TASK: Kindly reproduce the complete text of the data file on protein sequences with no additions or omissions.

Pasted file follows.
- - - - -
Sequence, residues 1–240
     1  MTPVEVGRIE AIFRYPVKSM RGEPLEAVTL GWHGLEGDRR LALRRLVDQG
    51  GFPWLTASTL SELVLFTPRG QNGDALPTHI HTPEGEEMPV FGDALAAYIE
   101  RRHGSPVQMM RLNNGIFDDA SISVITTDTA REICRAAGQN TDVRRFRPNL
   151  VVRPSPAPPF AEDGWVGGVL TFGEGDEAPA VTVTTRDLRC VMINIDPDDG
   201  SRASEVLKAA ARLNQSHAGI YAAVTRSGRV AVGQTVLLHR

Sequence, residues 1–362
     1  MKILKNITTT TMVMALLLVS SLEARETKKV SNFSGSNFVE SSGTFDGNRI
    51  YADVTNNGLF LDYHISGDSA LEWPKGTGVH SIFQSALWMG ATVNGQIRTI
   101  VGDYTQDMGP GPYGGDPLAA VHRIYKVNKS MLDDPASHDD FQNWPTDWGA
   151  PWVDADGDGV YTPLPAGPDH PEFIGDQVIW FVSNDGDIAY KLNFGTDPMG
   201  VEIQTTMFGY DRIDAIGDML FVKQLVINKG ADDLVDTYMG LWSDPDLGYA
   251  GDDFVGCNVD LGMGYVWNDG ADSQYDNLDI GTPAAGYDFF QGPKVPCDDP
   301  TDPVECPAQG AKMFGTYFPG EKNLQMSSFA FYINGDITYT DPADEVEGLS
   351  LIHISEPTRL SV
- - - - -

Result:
Sequence, residues 1–240
     1  MTPVEVGRIE AIFRYPVKSM RGEPLEAVTL GWHGLEGDRR LALRRLVDQG
    51  GFPWLTASTL SELVLFTPRG QNGDALPTHI HTPEGEEMPV FGDALAAYIE
   101  RRHGSPVQMM RLNNGIFDDA SISVITTDTA REICRAAGQN TDVRRFRPNL
   151  VVRPSPAPPF AEDGWVGGVL TFGEGDEAPA VTVTTRDLRC VMINIDPDDG
   201  SRASEVLKAA ARLNQSHAGI YAAVTRSGRV AVGQTVLLHR

Sequence, residues 1–362
     1  MKILKNITTT TMVMALLLVS SLEARETKKV SNFSGSNFVE SSGTFDGNRI
    51  YADVTNNGLF LDYHISGDSA LEWPKGTGVH SIFQSALWMG ATVNGQIRTI
   101  VGDYTQDMGP GPYGGDPLAA VHRIYKVNKS MLDDPASHDD FQNWPTDWGA
   151  PWVDADGDGV YTPLPAGPDH PEFIGDQVIW FVSNDGDIAY KLNFGTDPMG
   201  VEIQTTMFGY DRIDAIGDML FVKQLVINKG ADDLVDTYMG LWSDPDLGYA
   251  GDDFVGCNVD LGMGYVWNDG ADSQYDNLDI GTPAAGYDFF QGPKVPCDDP
   301  TDPVECPAQG AKMFGTYFPG EKNLQMSSFA FYINGDITYT DPADEVEGLS
   351  LIHISEPTRL SV